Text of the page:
Monday, December 18, 2017

Widow's Point - A Review - Richard and Billy Chizmar

Widow's Point is a fast-paced, edge-of-your-seat ghost story. Billy Chizmar and Richard Chizmar take you through one man's psychological torment as he locks himself inside a lighthouse with a tragic, horrific, evil past. Accidents while building the lighthouse were mysterious. Murders happened on the grounds. A family has been slaughtered within the walls. Ships have broken upon its shores and children have gone missing. Some have even gone mad. Satanic rituals and strange carvings have been reported. Legends, as legends are apt to do in a small town, of a curse on the land.

The origin of the curse is debated, but the town pretty much believes this lighthouse is an evil place, and they have walled it up behind razor-wire and huge fences.

Enter the well-written character of Thomas Livingston, the best-selling author of many non-fiction volumes of the supernatural. He plans to stay a few nights, explore the lighthouse, and hopefully come away with a story worth selling. What lengths would a man go to for a best-seller? Would they stay, even in the face of danger or worse? Or would they cheat, make up some stories about moving chairs or floating ghosts? Would they fake photographs or cry wolf to sell a few extra copies?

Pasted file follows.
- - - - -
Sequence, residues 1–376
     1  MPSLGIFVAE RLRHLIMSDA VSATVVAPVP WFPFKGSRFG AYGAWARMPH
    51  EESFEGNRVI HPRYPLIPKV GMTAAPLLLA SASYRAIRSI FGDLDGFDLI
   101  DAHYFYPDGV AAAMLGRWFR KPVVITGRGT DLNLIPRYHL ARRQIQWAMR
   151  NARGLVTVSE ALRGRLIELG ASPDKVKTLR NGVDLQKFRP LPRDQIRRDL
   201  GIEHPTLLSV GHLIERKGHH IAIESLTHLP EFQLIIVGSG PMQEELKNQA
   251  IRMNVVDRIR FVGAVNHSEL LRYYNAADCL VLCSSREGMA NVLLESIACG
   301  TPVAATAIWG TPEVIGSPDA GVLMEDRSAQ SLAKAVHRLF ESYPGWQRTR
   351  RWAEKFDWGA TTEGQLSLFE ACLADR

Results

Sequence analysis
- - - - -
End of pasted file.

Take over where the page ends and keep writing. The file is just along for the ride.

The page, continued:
And what would that person do if the stories turn out to be more than just a campfire tale or a town's over-active imagination?

The writing in this novel is top-notch. Some of the choices concerning limitations of how Thomas was reporting made the story move very fast, almost like reading a movie script. I read through this novel in a night, and I usually read slowly. The fast pace was a nice, refreshing style, which leaves me wanting to read more stories written in this format. The atmosphere of the story made for a chilling read.

The novel is written as a collaboration between Billy Chizmar and his father, Richard Chizmar. I haven't read Billy's work, but Richard's work has been excellent, and this is no different. You couldn't tell where any one person wrote, and writing with two heads gave the story some unique twists and developments.

The writing was easy to follow. The novel was about 160 pages, but I am not sure how long that will be in the final edition.

I would recommend this book for people who like horror, casual fan or not. It wasn't too gory. Look for it next year.

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